Unfortunately for Sacramento, it’s also universally the only way they’re going to be able to keep the Kings: agreeing to finance a new arena in the downtown area. Johnson was able to cajole a last-minute ownership bid from 24-Hour Fitness founder Mark Mastrov with an arena to be built by Pittsburgh Penguins co-owner Ron Burkle.

But their bid is slightly less than the Seattle bid, and Seattle comes with the advantage of having already committed $200 million toward a new arena, while Sacramento’s city council is still squabbling over the idea. Impossible to ignore is the fact that in October Sacramento was put under review for a downgrade by Moody’s Investors Services, adding yet another monkey wrench into Sacramento’s efforts to keep their team.

Further exacerbating matters is Sacramento’s dismal attendance. But it hasn’t always been this way. For decades Kings supporters sold out the arena regularly. “I never owned season tickets, but I tried to get to three games a year, sometimes more sometimes less,” Stanton said. “A lot of people in Sacramento hate the Maloofs, and a lot of people don’t want to give money to the Maloofs. I do buy merchandise, but very rarely. The Maloofs have been screwing us since day one.”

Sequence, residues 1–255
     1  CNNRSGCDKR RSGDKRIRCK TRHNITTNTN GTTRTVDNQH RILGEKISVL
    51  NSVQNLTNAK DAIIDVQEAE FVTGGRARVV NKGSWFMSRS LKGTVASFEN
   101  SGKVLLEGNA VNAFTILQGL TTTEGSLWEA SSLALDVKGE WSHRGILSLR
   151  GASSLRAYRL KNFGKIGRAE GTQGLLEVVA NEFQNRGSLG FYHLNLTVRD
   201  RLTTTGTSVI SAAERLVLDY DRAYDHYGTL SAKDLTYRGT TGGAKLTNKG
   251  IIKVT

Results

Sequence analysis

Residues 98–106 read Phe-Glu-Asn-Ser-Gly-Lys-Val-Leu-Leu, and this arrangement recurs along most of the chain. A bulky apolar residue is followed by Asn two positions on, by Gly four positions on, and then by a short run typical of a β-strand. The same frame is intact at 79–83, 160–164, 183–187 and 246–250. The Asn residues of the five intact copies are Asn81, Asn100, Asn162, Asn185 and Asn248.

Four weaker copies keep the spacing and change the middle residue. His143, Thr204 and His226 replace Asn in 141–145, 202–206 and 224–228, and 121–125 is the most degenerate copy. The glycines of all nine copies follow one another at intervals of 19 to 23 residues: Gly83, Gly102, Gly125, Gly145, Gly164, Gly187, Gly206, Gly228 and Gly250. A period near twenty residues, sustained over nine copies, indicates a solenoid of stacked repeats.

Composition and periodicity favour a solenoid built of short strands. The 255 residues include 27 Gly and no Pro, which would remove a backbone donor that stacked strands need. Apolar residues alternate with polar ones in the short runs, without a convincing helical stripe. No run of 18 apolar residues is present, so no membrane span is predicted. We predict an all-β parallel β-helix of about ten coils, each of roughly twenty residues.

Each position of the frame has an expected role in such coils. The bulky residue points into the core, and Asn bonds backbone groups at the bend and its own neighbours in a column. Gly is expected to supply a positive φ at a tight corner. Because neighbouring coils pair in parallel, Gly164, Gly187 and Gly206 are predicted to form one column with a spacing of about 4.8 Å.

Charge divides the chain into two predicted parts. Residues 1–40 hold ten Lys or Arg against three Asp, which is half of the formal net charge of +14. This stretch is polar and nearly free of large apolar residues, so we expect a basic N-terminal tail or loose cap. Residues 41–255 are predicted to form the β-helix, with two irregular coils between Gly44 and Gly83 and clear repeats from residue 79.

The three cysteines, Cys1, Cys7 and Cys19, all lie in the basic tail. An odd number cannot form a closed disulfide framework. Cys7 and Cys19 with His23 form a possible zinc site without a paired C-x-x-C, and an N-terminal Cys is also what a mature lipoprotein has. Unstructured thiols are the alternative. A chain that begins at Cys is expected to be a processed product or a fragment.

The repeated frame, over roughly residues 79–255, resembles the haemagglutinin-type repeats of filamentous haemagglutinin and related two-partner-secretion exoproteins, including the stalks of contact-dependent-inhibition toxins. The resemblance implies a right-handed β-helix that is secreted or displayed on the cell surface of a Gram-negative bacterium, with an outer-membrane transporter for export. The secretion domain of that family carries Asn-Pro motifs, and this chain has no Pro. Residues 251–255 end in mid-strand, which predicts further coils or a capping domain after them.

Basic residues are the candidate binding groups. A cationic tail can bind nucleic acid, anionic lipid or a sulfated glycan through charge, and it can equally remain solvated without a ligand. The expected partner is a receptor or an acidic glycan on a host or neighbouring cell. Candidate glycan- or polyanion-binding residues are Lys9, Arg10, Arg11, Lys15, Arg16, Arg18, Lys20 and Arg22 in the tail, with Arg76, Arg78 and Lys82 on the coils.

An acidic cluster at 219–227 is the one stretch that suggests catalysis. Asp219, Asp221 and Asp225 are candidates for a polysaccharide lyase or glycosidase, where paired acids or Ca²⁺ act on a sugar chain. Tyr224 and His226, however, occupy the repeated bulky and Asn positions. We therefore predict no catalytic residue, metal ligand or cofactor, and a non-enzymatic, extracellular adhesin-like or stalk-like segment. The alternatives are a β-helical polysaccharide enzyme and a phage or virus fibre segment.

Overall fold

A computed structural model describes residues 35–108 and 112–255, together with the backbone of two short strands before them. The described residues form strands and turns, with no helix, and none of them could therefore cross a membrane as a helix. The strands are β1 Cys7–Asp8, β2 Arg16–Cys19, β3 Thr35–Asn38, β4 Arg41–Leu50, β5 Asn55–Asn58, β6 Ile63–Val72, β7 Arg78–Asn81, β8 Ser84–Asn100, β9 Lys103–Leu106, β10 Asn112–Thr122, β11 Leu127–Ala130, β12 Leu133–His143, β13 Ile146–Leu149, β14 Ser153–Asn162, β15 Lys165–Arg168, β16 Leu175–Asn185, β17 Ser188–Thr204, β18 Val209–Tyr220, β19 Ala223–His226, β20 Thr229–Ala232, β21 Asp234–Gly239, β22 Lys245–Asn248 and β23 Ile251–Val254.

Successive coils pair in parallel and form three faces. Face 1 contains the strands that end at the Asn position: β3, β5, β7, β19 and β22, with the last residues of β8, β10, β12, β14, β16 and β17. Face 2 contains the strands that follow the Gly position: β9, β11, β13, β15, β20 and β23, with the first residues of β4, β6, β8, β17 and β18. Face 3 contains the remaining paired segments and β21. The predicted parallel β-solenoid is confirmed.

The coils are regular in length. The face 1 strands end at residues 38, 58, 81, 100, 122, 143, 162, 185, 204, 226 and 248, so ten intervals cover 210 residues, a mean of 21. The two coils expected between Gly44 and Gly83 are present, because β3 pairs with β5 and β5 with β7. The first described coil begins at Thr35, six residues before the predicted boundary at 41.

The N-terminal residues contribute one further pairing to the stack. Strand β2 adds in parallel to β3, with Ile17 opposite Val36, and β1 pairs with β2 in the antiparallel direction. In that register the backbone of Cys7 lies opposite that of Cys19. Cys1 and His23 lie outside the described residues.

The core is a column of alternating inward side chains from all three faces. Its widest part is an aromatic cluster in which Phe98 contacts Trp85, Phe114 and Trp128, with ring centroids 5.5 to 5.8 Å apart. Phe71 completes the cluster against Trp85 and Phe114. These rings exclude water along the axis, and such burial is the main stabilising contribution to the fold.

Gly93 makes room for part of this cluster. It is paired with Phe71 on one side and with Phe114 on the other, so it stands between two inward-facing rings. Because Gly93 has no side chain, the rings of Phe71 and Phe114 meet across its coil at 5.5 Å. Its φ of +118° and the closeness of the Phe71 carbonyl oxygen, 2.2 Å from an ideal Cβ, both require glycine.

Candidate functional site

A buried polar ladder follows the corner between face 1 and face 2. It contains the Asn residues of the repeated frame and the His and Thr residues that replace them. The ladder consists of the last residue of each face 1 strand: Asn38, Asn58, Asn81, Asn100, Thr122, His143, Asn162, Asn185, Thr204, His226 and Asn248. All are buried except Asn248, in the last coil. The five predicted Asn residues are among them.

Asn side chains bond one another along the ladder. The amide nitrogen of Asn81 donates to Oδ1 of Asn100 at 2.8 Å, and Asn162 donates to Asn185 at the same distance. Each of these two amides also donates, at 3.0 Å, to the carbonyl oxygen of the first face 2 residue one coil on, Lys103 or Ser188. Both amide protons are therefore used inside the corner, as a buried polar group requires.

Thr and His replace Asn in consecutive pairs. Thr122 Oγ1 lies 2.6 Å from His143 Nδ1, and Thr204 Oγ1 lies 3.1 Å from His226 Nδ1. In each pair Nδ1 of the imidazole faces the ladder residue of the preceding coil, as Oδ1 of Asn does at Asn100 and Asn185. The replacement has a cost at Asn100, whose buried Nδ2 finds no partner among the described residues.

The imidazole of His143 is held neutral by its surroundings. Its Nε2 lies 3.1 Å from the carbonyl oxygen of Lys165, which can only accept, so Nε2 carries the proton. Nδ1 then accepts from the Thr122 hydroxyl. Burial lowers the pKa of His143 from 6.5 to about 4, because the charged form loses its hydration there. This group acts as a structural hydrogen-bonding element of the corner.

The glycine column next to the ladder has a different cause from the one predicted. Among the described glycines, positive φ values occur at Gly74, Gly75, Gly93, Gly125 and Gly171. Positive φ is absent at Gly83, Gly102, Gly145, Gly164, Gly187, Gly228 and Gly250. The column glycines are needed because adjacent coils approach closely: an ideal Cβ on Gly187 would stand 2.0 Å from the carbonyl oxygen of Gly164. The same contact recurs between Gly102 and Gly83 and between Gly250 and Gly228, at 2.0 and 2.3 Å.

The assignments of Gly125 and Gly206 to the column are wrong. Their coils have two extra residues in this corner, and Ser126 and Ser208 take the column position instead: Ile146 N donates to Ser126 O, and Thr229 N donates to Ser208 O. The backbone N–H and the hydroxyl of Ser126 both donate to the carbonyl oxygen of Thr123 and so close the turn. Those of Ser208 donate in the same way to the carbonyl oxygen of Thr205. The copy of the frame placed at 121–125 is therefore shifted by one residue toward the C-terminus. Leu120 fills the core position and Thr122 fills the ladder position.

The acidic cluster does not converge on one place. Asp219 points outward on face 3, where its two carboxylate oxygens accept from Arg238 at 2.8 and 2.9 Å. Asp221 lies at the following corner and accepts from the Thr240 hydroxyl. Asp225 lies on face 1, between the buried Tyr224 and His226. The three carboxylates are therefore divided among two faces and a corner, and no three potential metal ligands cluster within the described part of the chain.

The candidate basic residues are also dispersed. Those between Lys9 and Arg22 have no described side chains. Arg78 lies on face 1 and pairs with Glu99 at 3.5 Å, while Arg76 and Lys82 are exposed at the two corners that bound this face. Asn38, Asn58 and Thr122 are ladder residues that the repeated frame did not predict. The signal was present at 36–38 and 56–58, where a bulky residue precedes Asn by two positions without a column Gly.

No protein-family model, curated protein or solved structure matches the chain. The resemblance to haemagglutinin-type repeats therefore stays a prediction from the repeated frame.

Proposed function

In the event that Sacramento does lose its team, one economic theory is that fans will just redirect their funds to other parts of the city’s economy. But O’Keefe isn’t entirely convinced. “It’s true to some extent, but it’s probably not a 1:1 thing,” she said. “If they’re going to a sports game on a Wednesday night, they might not be going out that night except to see that sports team.”

Until the situation reaches what could be a tear-jerking conclusion, Sacramento residents will go to sleep at night with hopes that their Kings are there in the morning.


Matthew Grant Anson

All stories by: Matthew Grant Anson